Reclaiming Our American Project
Something has gone wrong in our political life. On this much the American people, who can’t seem to agree on anything, agree. The unexpected rise of Donald Trump and its political fallout have made this conclusion ineluctable. But what if the problem that assails our political life isn’t, strictly speaking, political, but a broader deterioration of our culture and communities? What if loneliness is the problem with our politics?
Such is the starting point of the American Project, an initiative of Pepperdine University led by Pete Peterson, Dean of the university’s School of Public Policy, and Rich Tafel, a pastor at Church of the Holy City in Washington, D.C., and managing director of Raffa Social Capital Advisors. In the absence of community, Peterson and Tafel argue, politics has rushed in to fill the void left by our eroded civic life. The result is an increasingly powerful and unaccountable federal government, polarization, dysfunction, and the rise of strong leaders who would protect us.
Despite a growing economy, historically low unemployment, and all the benefits and comforts of modern technology, we are, as a society, lonelier than ever. Cigna has recently categorized it a “public health issue” of “epidemic” proportions, while the American Psychological Association has warned that it poses a greater public health threat than obesity. Though we appear to be more connected than ever and standards of living are higher than ever, we are also unhappier than ever. Suicides rates have surged over the last two decades in the United States.
Part of the explanation may be economic. Despite our recovery from the Great Recession, problems persist, including low productivity and an alarming number of able-bodied Americans who have dropped out of the workforce altogether. (It seems significant that suicide rates are highest among non-college-educated white men — a demographic that makes up a large share of those outside the labor force and a key constituent of Trump’s base.) Added to this, the dislocations of automation, globalization, and the collapse of manufacturing employment over the last two decades cast a shadow over today’s otherwise rosy economic reports.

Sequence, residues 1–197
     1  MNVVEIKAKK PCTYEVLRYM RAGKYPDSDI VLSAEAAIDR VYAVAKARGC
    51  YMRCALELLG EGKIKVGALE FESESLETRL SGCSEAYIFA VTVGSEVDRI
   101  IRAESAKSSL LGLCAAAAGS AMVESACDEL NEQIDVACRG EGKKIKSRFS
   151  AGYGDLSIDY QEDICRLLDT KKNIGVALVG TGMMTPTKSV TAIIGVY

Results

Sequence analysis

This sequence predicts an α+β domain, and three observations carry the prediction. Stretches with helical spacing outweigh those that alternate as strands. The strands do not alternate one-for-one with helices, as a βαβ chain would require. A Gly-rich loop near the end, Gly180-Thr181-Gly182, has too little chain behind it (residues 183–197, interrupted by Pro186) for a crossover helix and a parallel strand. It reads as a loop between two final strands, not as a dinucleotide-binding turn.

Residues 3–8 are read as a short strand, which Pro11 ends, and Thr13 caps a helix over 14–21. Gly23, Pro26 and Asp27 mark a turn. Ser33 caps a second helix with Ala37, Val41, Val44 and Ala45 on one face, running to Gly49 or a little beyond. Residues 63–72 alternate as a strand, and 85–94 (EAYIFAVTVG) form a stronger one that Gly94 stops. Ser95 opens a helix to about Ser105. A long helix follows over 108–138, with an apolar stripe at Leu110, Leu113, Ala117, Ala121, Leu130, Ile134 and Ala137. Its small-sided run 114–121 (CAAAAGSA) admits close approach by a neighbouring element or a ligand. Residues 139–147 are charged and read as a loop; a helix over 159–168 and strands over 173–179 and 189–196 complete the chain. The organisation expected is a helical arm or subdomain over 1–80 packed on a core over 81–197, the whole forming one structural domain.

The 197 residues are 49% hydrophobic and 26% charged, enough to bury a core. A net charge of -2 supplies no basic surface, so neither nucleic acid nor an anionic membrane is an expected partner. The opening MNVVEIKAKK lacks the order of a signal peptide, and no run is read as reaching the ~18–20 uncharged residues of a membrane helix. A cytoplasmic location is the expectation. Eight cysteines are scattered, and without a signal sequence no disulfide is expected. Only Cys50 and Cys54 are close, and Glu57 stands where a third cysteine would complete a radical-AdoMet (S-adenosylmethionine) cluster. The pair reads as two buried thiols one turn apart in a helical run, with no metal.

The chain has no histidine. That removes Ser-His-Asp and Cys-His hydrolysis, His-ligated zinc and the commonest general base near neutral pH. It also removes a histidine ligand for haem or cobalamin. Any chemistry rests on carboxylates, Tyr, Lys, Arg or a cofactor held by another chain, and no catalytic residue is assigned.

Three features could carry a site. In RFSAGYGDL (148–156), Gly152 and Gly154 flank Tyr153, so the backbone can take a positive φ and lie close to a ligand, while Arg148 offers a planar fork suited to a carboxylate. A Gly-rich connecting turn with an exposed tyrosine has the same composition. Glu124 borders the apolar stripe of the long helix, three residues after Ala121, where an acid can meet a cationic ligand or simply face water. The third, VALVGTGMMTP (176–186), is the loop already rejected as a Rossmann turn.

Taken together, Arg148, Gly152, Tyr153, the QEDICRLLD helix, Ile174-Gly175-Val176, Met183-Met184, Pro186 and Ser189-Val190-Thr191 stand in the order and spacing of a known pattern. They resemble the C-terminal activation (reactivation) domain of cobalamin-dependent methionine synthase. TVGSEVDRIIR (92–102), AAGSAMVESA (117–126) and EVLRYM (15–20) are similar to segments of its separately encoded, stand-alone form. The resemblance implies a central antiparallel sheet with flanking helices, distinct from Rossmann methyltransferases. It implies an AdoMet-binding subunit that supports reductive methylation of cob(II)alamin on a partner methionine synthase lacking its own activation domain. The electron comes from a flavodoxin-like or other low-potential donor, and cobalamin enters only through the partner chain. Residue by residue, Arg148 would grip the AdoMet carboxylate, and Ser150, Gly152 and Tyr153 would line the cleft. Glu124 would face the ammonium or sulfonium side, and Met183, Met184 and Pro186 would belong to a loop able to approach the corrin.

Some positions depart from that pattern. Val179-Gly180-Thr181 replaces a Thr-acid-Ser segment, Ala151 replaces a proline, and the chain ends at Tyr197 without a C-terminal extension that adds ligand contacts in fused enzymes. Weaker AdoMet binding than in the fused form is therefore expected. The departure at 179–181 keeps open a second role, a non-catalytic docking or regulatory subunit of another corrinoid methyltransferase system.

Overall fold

But our crisis of loneliness seems, at root, to be psychological, even spiritual, more than economic. Americans are increasingly alienated from one another. We no longer display that spirit of association that Tocqueville famously praised on his visit to the United States. This hollowing out of our civil society has left us an aggregate of atomized individuals. Shorn of relational commitments and responsibilities, the isolated individual, Tocqueville warned, would look to a centralized authority for protection, as a child looks to a parent. We invest too much — often in anger, indignation, and fear — in national politics and too little in our communities.
The American Project offers a political vision that speaks to our “fractured republic” by trying to repair the civic bonds needed to hold it together. This vision — a “conservatism of connection” — is communitarian in orientation and American in essence. It is conservative in that it seeks to recover and conserve our distinctive political heritage as well as the civic virtues needed to sustain it. But it is also invitational, holding up the ideal of democratic republicanism as open to all.
In this RealClearPolicy series, writers and scholars from diverse points of view grapple with the American Project’s core tenets and consider possible policy prescriptions for what ails our political life. These sometimes-philosophical reflections are guided by the conviction that by getting back to first principles we can better understand and respond to our present political moment.
— M. Anthony Mills, Editor | The American Project
A Quest for American Unity. Christopher C. Hull of Issue Management, Inc. writes that conservative intellectuals must find a broad, uniting platform in order to combat the radicals of the alt-left and alt-right.